HOME
*



picture info

Gruel
Gruel is a food consisting of some type of cereal—such as ground oats, wheat, rye, or rice—heated or boiled in water or milk. It is a thinner version of porridge that may be more often drunk rather than eaten. Historically, gruel has been a staple of the Western diet, especially for peasants. Gruel may be made from millet, hemp, barley, or, in hard times, from chestnut flour or even the less bitter acorns of some oaks. Gruel has historically been associated with feeding the sick and recently weaned children. ''Gruel'' is also a colloquial expression for any watery food of unknown character, e.g., pea soup. Gruel has often been associated with poverty, with negative associations attached to the term in popular culture, as in the Charles Dickens novel ''Oliver Twist''. History Gruel was the staple food of the ancient Greeks, for whom roasted meats were the extraordinary feast that followed sacrifice, even among heroes, and "In practice, bread was a luxury eaten only in town ...
[...More Info...]      
[...Related Items...]     OR:     [Wikipedia]   [Google]   [Baidu]  


picture info

Congee
Congee or conjee ( ) is a type of rice porridge or gruel eaten in Asian countries. It can be eaten plain, where it is typically served with side dishes, or it can be served with ingredients such as meat, fish, seasonings and flavourings, most often savory, but sometimes sweet. It is typically served as a meal on its own, especially for breakfast or people who are ill. Names for congee are as varied as the style of its preparation, but all are made with rice cooked as a softened porridge with a larger quantity of water than other types of cooked rice like pilaf or claypot rice. Etymology The English word ''congee'' is derived from the Tamil word ''kanji'' (, ''kañci'', ). In Chinese, it is known as ''zhou'' (). It is mentioned in the ''Book of Rites'' and noted in Pliny’s account of India circa 77 CE. Preparation To prepare the dish, rice is boiled in a large amount of water until it softens significantly. Congee can be made in a pot or in a rice cooker. Some rice cook ...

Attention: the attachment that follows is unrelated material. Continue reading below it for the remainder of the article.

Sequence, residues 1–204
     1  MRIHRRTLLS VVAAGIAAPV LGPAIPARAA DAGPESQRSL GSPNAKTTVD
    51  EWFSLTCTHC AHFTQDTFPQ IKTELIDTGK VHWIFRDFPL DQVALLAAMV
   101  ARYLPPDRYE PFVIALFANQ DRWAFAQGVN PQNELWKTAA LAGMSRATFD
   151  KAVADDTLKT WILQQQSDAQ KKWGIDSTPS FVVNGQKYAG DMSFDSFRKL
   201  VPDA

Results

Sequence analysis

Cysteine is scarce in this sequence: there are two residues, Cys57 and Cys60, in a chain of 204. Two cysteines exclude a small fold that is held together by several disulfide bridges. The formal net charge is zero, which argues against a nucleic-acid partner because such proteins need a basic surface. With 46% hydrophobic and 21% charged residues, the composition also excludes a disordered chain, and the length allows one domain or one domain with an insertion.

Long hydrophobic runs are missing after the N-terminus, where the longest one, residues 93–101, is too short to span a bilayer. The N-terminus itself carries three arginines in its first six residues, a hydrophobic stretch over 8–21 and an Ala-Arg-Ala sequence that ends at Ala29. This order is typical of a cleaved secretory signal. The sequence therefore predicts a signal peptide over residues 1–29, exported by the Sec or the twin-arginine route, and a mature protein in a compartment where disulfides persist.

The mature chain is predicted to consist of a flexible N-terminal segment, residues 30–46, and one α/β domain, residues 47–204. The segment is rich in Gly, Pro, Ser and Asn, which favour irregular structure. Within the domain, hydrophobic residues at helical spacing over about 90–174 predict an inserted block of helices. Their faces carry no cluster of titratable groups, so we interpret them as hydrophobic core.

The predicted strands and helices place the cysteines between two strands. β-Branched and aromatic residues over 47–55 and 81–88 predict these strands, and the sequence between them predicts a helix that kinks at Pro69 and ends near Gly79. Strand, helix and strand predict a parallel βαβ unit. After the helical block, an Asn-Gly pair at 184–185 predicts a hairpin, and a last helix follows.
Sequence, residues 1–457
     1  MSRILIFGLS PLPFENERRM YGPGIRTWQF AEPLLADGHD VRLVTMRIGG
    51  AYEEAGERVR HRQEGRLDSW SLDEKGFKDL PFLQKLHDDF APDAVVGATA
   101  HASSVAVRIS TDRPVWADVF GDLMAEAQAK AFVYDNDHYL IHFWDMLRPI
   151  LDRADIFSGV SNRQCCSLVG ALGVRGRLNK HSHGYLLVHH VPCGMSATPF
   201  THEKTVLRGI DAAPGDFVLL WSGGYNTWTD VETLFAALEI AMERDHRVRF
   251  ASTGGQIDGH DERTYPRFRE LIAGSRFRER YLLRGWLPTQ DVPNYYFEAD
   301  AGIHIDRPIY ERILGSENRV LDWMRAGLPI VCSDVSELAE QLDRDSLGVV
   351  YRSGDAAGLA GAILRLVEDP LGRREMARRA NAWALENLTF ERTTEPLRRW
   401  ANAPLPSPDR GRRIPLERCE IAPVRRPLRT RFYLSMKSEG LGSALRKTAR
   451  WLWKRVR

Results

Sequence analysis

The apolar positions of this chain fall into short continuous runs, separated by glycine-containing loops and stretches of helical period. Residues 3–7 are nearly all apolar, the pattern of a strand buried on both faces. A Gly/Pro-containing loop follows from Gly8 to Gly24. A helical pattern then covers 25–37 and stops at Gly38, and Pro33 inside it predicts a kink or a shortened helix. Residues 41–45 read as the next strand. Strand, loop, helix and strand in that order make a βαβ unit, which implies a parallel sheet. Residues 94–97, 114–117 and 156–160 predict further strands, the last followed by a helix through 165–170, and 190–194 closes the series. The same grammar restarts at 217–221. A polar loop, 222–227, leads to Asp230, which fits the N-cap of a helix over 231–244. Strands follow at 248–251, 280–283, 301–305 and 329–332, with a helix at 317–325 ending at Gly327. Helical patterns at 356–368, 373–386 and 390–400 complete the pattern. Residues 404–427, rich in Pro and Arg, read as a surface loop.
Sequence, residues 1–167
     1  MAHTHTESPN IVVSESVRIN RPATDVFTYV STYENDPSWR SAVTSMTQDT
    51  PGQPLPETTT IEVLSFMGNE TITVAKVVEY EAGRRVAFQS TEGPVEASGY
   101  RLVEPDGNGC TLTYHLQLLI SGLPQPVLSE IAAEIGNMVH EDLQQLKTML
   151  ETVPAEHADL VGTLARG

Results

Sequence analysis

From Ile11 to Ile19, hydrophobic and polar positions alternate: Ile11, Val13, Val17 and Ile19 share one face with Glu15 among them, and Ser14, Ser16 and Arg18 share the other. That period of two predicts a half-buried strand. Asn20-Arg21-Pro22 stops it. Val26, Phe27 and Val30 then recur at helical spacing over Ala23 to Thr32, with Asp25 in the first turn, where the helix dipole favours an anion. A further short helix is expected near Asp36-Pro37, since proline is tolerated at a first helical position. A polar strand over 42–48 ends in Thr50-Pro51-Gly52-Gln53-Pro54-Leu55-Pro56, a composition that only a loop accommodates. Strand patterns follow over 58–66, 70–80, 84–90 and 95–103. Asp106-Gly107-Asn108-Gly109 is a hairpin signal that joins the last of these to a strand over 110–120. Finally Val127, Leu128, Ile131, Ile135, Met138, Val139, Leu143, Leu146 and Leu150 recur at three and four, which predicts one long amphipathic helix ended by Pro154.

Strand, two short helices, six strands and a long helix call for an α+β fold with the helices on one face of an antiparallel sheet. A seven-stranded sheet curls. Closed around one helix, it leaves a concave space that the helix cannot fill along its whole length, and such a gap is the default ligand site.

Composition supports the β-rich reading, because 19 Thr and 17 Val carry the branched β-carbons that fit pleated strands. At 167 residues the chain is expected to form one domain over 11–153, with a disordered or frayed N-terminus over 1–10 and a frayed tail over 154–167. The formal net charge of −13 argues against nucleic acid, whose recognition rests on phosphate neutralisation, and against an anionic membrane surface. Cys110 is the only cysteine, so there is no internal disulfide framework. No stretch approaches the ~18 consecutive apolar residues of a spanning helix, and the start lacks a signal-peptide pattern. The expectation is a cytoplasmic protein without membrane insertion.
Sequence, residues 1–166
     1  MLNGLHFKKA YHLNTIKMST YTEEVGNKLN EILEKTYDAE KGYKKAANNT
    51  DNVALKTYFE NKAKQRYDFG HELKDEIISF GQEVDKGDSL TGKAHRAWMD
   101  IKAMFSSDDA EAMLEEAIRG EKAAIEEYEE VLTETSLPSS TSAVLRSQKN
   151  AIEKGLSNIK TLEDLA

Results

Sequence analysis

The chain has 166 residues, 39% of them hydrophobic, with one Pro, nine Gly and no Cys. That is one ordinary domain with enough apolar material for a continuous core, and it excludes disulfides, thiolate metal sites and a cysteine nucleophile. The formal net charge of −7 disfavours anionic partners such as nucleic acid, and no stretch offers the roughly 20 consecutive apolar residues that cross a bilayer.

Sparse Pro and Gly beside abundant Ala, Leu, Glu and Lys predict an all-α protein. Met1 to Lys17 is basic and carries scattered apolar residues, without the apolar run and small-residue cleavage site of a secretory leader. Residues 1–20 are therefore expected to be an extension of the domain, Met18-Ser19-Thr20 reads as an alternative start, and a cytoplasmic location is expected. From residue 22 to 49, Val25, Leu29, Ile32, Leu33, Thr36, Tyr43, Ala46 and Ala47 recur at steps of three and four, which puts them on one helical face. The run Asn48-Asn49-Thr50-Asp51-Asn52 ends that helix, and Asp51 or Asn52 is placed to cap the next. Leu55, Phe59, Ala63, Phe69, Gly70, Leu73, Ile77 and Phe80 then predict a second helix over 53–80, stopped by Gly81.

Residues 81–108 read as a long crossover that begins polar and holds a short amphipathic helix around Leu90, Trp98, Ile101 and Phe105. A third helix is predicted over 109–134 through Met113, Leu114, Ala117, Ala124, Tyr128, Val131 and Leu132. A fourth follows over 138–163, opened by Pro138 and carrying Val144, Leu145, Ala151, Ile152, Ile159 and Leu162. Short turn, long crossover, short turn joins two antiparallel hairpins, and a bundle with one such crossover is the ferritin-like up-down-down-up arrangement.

[...More Info...]      
[...Related Items...]     OR:     [Wikipedia]   [Google]   [Baidu]  


picture info

Barley
Barley (''Hordeum vulgare''), a member of the grass family, is a major cereal grain grown in temperate climates globally. It was one of the first cultivated grains, particularly in Eurasia as early as 10,000 years ago. Globally 70% of barley production is used as animal fodder, while 30% as a source of fermentable material for beer and certain distilled beverages, and as a component of various foods. It is used in soups and stews, and in barley bread of various cultures. Barley grains are commonly made into malt in a traditional and ancient method of preparation. In 2017, barley was ranked fourth among grains in quantity produced () behind maize, rice and wheat. Etymology The Old English word for barley was ', which traces back to Proto-Indo-European and is cognate to the Latin word ' "flour" (''see corresponding entries''). The direct ancestor of modern English ''barley'' in Old English was the derived adjective ''bærlic'', meaning "of barley". The first citation of ...
[...More Info...]      
[...Related Items...]     OR:     [Wikipedia]   [Google]   [Baidu]  


picture info

Oliver Twist